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LU researchers seeking solutions to hearing loss

A team of faculty, graduate and undergraduate researchers from LU has made significant progress toward developing digital technologies as an aid for hearing loss thanks to the funding from Lamar University’s Center for Innovation, Commercialization, and Entrepreneurship (CICE).

“This project gives both graduate and undergraduate students the opportunity to participate in the research process and discover how it applies to the speech and hearing sciences,” said Monica Bellon-Harn, Diane H. Shaver Professor and chair of the Department of Speech and Hearing Sciences.

The project, “Virtual Reality: Management of Adults with Hearing Loss,” is an initiative of the Department of Speech and Hearing Sciences to conduct research as an initial step toward creating a virtual reality product that can teach communication strategies to those with hearing loss. The project is one of eight recently funded by a grant from the Gill Foundation of Texas to the CICE.

Support for hearing loss sufferers is important because, if left untreated, the ailment can lead to depression, anxiety, paranoia, memory loss, dementia, brain atrophy and other conditions that affect quality of life. Of the more than 37 million affected, most cannot afford or access hearing aids.

Heading the project are faculty members: Bellon-Harn; Vinaya Manchaiah, director of audiology, Jo Mayo Endowed Professor and associate professor of audiology; Ashley Dockens, assistant professor; and Stefan Andrei, associate professor and chair of the Department of Computer Science. LU students of all levels took part in the data collection, website analysis and data interpretation.

“Along with a team of researchers, students helped develop content for an Internet-based instructional program for adults with hearing loss. It is akin to a self-help book, but online and easily accessible,” said Bellon-Harn.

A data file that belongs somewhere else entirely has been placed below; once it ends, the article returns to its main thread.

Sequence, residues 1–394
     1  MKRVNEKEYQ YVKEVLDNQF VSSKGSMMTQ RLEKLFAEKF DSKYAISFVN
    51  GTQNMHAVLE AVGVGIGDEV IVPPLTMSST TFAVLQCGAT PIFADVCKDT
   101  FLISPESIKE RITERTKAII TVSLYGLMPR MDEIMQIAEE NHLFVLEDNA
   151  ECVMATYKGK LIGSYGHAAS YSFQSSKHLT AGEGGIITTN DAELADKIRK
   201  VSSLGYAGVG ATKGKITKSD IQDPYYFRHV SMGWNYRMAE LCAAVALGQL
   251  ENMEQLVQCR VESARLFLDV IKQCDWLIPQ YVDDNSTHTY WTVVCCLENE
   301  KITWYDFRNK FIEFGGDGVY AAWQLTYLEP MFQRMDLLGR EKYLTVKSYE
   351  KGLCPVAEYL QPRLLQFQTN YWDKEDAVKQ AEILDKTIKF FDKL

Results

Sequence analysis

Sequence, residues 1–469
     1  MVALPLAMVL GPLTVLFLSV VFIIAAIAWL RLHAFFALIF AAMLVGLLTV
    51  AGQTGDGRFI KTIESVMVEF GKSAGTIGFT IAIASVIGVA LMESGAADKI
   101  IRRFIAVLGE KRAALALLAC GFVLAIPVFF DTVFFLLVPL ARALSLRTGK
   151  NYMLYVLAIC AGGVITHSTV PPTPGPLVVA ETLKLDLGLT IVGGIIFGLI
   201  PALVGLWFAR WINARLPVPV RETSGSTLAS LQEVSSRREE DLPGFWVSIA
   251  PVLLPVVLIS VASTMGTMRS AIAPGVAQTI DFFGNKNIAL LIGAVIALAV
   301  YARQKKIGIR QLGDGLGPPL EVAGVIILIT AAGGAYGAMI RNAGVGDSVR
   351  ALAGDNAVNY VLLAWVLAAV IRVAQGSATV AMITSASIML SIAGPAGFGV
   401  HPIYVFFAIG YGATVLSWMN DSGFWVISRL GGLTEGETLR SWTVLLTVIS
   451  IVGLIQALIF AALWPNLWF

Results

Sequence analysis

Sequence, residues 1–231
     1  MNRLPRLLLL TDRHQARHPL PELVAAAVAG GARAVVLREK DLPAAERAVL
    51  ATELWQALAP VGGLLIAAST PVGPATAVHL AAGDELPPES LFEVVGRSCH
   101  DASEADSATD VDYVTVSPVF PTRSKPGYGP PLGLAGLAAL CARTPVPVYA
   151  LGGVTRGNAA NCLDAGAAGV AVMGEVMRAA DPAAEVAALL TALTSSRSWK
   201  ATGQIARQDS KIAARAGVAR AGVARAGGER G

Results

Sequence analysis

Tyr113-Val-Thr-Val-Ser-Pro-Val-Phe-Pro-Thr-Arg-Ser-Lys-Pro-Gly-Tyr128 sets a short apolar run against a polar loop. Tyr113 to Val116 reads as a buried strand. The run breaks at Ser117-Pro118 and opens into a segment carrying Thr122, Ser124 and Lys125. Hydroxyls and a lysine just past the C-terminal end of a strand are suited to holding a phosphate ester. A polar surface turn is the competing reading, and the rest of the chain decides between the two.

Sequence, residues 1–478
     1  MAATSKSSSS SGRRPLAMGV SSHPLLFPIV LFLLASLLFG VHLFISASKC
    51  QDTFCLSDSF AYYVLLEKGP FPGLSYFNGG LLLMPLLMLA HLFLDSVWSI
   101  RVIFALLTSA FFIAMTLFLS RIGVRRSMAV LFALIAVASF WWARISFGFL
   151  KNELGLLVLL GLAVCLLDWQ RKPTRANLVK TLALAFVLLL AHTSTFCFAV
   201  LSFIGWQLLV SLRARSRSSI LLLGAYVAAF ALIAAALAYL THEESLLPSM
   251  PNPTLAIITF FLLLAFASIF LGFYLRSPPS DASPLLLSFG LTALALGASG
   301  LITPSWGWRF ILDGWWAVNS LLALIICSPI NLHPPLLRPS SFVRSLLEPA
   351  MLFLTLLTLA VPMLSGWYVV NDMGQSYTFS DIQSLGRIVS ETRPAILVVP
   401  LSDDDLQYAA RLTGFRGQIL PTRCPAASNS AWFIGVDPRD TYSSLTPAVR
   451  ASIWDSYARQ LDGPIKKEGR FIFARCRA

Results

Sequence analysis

First, the team determined the specific needs of adults with hearing loss. Then, they developed the necessary materials to address it. Finally, team members will arrange the materials into an effective digital learning format.

“One important part of the process is making sure adults with hearing loss can actually read and use the materials,” said Bellon-Harn.

According to Bellon-Harn, websites are often written at a very high reading level or contain limited or dubious health information.

Other aspects of the team’s studies include learning how hearing loss and hearing aids have been represented in the U.S. media, understanding the communication and social behavior of adults with hearing loss and testing the internet-based hearing rehabilitation materials with people with hearing loss.

The Gill Foundation of Texas, established by Jack and Linda Gill, provides the project’s funding. Jack Gill is the founder and retired managing partner of Vanguard Ventures in Palo Alto. He has earned distinction and honors as a scientist, senior executive, entrepreneur, venture capitalist, university professor and philanthropist throughout his career. Gill is also a member of Lamar’s College of Engineering Advisory Council and created the Gill Chair at Lamar. The Gills are members of Lamar’s Legacy Society in recognition of their support to the university.

The CICE is a partnership between Lamar University’s College of Business and College of Engineering and the Southeast Texas business community to encourage industry and university interaction. It helps to support projects, on-going research, student experiential learning, special events and training that will prepare students for their careers by exposing them to real-world experiences.